Person of the Day: Syrian people
Today's Person of the Day is all the Syrian people who have helped Anthony during his solo tour of their country. The hospitality of Arab people is well known throughout the world, but Anthony found the overwhelming welcome of the Syrian people to be in a league of its own. Anthony would like to take this opportunity to thank everyone who reached out and made him feel at home as, alone, he worked his way across unfamiliar territory.
Place of the Day: Ugarit
Ugarit (also known as Ras Shamra) was once the most important city on the Mediterranean coast. During the 16th to the 13th century BC, Ugarit was the Mediterranean center for trade with ancient Egypt, Cyprus, Mesopotamia, and the rest of Syria.
Discovered by a farmer, who struck a large stone with his plow, the ruins, a mere 16 km (9 miles) north of Al-ladhiqiyah, give a vague idea of what the layout of the city was. Anthony found it amazing that it was still possible to see where the gutters of the streets carried water — not bad for a city that is around 2,500 years old.
Ugarit is most famous for the clay tablets bearing cuneiform texts that were recovered during excavations. These are examples of what some scholars believe may be the worlds first alphabet. While there are many different forms of cuneiform (Babylonian cuneiform, Elamite cuneiform, and Persian cuneiform being the more well known), Ugaritic cuneiform is an alphabet of consonants (proven to have been in use between 1400-1200 BC) and it both shed some light on ancient Syrian religious life and obliged a reinterpretation of some scenes from the Bible.
Group Dispatch, February 11–12
While still lying in his hotel bed in Al-ladhiqiyah, Anthony studied his map and plotted his route for the day. It appeared that he was only 30 kilometers (18 miles) from the Syrian-Turkish border, and then about the same distance from the border to Antakya, where he planned to spend the night. He hoped to find a message from Ethan and Padraic there at a prearranged location. Actually, Anthony had been hoping that Padraic and Ethan would have joined him in Syria, but after the first few days alone, he began to realize that they probably had been unable to obtain a Syrian visa.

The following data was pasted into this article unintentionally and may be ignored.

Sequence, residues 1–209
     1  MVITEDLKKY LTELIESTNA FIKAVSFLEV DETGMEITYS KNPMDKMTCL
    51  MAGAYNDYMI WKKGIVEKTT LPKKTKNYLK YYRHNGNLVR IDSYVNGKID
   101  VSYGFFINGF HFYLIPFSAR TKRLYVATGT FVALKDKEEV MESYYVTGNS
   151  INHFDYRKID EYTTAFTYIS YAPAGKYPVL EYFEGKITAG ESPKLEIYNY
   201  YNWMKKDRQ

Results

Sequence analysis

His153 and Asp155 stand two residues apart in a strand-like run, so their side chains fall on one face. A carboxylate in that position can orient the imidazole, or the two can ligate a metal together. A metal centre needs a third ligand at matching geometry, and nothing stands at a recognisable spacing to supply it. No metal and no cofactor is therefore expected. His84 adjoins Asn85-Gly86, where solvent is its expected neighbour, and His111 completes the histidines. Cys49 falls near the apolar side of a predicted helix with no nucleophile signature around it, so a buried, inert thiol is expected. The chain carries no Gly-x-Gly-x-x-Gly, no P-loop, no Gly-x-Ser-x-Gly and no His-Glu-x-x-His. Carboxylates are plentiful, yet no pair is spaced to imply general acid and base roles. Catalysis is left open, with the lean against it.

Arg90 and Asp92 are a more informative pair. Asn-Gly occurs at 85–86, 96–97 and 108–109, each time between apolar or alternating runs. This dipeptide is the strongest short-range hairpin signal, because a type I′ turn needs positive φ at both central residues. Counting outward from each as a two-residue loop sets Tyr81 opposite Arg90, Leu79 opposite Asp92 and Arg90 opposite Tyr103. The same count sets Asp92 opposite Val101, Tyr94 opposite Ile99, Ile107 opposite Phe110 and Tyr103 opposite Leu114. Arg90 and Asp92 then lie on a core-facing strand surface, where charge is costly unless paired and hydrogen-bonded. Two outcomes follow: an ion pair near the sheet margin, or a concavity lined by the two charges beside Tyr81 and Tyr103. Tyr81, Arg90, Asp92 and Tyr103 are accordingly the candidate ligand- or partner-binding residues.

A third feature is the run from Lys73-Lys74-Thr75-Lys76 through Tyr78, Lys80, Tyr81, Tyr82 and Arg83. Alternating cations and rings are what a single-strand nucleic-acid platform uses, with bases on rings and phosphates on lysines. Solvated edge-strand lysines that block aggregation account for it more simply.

The fact that, for the Syrian government, the Internet does not exist meant that Anthony had no access to email, so he really had no idea what the other BikeAbouters were doing or even where they were. For all he knew, the BikeAbout ladies were still in Cyprus an Rhodes going through bottle after bottle of sunblock, while, the BikeAbout boys, having fallen under the spell of their most dear and wickedly enchanting friends Leila and Janine, had mired themselves once again in the decadent nightlife of Beirut. All Anthony could do was carry on.
His first stop was at the ruins of Ugarit (see the Place of the Day). More than 2,000 years ago, Ugarit, also called Ras Shamra, was the most important trade city in the Mediterranean. Along with its nearby neighbors, like Byblos, it played a crucial role in the development and dissemination of the sound-based alphabetic writing system that is the precursor to ours today.
Sitting serenely on a hill overlooking the Mediterranean, Ugarit today is a beautiful site to visit. For over an hour, Anthony scrambled over walls and wandered streets that had not been in use for thousands and thousands of years.
Remounting his bike, Anthony once again headed for the border. His route took him along the shore, past several beautiful little fishing harbors and then dumped him rather unceremoniously back on the main road just when things became a little hillier. Actually things became a lot hillier. Hills seemed to stretch on forever and the closer Anthony got to the border, the more hills he discovered and the steeper they became. Anthony also noticed a road sign calculating the border at 60 km (37 mi) away. He found this a little confusing as he had originally thought that the ride was only 30 km (19 mi). A quick look at his map confirmed this although he quickly figured out that he had already come 20 km (12 mi) and so should have only 10 km (6 mi) to go. 60 km (37 mi) later, Anthony realized that his map was wrong.
The immediate consequence of this discovery was that Anthony barely had enough time to get to the border before dark, and he still had another 30 km (19 mi) to go once in Turkey. Not really able to do anything about this, Anthony just rode and rode and rode. At least the ride was beautiful. Around and over gorgeous tree-covered hills and past mountain reservoirs , Anthony pedaled onward. At one point, digging deep into his bags, he even managed to come up with enough change to buy himself some chocolate and bread to fuel him up the hills.